Ingela Blomberg and Kerstin Kärnekull have written an article about the stony history of cohousing in Sweden, published in Built Environment volume 45, Number 3.
Under Samma Tak in Gothenburg (https://www.undersammatak.org/) on the cover!
The Guardian had an article on coliving – a way to avoid loneliness or cynical speculation – to read here!
The New York Times International Edition published an article on co-living and cohousing in Stockholm April 22, 2019.
En tankeväckande artikel på engelska från ”The Conversation”.
The Swedish National Association Cohousing NOW
– in Swedish Kollektivhus NU – is an association working to promote collaborative housing and other alternative ways of living. The association supports existing co-housing units as well as groups intending to create new units. Originally formed in 1981, it has recently been revitalised with the prime purpose to inform the public about cohousing as an alternative, and to influence authorities to facilitate the creation and running of such units.
”Kollektivhus NU currently has 42 cohousing units as full members, and 15 organisations working in favour of collaborative housing. There are also a number of individual supporting members.
The over 50 cohousing units that exist in Sweden are mainly the result of civil society campaigns and positive responses from public housing authorities during the 1980s. The existing cohousing units are concentrated to the main urban centres.
Today the trend is again turning in favour of collaborative housing. Although in the last five years only a few new units have been built, more are now on their way especially in Gothenburg and Stockholm. Kollektivhus NU has an active collaboration with SABO – the umbrella organisation Swedish Association of Municipal Housing Companies.”
In 2010, Kollektivhus NU hosted the first international conference on cohousing. The Proceedings has since 2010 been available in print. Now, the volume’s well over 230 pages is available electronically.
Labelled Living together, the Proceedings contains all the papers presented at the conference, reports from the workshops, and – not least important – a review of concepts and terminology relating to different models of cohousing. With 150 participants from 20 countries, the realities of cohousing were shown to vary a great deal, and so were the terms used to express ‘cohousing’ in respective country.
Internationally, the demand for access to Proceedings has grown considerably, demonstrating the importance of the conference as a starting point for a growing international movement aiming to make cohousing an alternative in the housing market.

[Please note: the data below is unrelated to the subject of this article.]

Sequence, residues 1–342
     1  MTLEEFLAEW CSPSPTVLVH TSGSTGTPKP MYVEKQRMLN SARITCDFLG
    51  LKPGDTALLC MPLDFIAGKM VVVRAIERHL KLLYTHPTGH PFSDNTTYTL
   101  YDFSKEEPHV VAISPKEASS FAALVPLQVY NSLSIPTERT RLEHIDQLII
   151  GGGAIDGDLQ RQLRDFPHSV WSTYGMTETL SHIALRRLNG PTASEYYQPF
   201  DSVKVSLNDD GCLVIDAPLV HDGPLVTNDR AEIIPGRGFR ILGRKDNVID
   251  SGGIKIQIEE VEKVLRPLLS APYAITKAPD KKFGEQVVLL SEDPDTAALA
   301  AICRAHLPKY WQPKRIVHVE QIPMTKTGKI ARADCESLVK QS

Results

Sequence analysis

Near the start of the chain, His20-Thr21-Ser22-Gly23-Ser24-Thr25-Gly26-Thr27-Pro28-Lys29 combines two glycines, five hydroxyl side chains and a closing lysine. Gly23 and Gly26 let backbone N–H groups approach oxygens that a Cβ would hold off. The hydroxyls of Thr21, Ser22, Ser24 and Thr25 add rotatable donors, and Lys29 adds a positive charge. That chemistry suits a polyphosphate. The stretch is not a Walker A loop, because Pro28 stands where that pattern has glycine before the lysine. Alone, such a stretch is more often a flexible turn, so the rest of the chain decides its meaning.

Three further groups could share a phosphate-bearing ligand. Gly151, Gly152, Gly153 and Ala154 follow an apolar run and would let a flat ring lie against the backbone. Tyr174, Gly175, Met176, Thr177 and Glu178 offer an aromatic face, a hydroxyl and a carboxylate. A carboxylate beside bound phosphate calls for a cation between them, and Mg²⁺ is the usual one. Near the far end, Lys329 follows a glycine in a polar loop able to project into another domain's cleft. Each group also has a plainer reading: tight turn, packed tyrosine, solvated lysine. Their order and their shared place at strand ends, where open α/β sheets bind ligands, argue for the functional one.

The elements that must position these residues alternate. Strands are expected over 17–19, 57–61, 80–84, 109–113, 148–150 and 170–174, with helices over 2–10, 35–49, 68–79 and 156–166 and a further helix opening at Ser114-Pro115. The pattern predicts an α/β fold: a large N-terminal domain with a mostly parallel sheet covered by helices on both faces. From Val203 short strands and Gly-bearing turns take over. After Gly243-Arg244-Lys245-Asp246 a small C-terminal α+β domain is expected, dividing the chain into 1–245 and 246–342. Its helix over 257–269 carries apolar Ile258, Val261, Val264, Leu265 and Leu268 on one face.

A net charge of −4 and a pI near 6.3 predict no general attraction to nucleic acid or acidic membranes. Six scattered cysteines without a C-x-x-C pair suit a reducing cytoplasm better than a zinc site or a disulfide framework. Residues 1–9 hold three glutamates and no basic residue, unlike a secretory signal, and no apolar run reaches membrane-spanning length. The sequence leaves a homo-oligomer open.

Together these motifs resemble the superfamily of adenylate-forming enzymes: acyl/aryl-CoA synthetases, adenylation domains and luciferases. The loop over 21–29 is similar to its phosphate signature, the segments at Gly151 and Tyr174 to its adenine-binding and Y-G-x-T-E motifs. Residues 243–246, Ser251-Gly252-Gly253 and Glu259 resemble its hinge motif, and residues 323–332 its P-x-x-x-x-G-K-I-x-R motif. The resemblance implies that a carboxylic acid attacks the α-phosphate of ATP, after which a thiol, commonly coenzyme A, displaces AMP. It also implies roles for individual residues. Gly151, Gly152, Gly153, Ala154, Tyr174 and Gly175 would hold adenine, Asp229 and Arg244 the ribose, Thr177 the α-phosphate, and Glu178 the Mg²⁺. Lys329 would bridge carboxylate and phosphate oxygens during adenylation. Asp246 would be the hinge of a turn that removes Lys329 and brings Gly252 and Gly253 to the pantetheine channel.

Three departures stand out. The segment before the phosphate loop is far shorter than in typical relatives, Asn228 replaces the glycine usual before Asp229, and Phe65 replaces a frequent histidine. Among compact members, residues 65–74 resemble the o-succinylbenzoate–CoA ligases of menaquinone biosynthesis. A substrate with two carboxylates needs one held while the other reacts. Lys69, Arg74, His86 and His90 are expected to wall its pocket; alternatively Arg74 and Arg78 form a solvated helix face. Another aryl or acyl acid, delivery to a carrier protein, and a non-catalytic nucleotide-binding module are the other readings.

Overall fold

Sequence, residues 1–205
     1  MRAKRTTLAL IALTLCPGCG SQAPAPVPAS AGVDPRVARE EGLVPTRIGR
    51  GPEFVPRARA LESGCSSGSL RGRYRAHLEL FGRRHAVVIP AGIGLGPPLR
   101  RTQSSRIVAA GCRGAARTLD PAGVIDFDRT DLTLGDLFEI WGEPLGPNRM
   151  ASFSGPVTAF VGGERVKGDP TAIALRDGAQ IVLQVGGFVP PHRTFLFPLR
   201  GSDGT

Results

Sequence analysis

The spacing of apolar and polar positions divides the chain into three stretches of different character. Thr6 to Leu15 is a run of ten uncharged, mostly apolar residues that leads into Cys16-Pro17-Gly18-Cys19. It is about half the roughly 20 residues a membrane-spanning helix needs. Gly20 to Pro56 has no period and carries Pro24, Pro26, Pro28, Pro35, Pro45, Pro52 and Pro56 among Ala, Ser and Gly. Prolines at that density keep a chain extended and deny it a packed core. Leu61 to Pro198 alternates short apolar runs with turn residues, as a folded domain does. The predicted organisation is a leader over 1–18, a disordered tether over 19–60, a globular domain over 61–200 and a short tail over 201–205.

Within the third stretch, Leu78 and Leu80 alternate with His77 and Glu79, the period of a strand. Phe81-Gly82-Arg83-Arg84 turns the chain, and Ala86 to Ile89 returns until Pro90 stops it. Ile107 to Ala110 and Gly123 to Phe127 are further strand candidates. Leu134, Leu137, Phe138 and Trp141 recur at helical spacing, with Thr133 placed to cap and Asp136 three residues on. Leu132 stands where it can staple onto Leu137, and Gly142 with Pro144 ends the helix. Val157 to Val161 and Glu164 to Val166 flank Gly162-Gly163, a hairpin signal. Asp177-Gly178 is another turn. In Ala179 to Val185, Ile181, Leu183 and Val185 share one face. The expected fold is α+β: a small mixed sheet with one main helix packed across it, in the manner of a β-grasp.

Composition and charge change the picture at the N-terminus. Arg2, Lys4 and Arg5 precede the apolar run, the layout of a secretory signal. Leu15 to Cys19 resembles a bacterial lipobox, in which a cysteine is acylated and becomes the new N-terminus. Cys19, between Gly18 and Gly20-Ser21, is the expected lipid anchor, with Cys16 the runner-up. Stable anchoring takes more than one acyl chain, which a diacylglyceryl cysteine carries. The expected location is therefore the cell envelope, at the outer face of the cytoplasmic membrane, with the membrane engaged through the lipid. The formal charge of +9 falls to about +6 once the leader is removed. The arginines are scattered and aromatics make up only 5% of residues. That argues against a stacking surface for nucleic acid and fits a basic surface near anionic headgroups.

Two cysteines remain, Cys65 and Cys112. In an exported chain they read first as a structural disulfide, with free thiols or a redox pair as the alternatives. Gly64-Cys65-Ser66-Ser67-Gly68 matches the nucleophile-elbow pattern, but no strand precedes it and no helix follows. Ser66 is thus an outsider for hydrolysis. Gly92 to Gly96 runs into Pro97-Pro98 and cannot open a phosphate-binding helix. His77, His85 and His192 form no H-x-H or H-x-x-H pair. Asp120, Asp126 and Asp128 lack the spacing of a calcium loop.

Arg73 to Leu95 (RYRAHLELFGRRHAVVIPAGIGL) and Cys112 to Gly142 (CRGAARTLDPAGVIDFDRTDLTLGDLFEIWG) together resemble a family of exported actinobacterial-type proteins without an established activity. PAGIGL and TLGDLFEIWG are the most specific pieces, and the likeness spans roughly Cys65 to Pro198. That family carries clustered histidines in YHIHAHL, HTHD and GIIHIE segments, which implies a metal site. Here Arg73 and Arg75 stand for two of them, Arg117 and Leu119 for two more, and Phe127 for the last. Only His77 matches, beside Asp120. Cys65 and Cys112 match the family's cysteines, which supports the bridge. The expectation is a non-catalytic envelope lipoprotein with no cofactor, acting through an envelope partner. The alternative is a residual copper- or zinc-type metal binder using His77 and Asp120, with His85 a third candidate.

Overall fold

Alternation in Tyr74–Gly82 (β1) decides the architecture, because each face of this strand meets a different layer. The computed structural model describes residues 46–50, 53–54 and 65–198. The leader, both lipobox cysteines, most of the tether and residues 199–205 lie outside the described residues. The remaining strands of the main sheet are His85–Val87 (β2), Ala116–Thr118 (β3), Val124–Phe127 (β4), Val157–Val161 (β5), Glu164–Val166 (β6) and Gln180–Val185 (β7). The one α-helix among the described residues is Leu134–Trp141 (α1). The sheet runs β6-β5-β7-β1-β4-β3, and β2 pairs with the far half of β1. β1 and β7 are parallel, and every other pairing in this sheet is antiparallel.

|A few years ago, a handbook titled Bygga seniorboende tillsammans (Building senior housing together) was published in Sweden. It is a manual for groups who seek new ways to live together, and describes step by step how a group can carry their plans through to a positive result.
Furthermore, the handbook provides descriptions of how building entrepreneurs and local government may act to facilitator and support the groups’ work and intentions. Finally, fourteen case studies of projects initiated by groups since the turn of the century are presented as illustrations of the process.
With support from the EU-financed project called ’Co-elderly’, the two authors Ingela Blomberg och Kerstin Kärnekull have initiated a translation of the handbook to English. Translator is Mette Kjörstad, currently living in the cohousing unit Färdknäppen in Stockholm. The new edition should be available during 2019. Specific Swedish conditions are not included.
This question has led Bertil Egerö to search for explanations. In his paper Puzzling patterns of co-housing in Scandinavia (unpublished, 2014) he searches the roots of the differences in the wider spheres of national cultures, institutions and policies.
Four Decades of Swedish Cohousing – What Chances of a Real Take-off was written and presented by Bertil Egerö at a European conference in Tours, 12-13 March 2012. Egerö discusses the prospects of a wider acceptance of cohousing in Sweden against experiences gathered of the history of the Swedish cohousing movement and its achievements so far. He concludes by underlining the strength of constraints in politics, institutions and culture as impediments to a real take-off.
For further information about the conference, see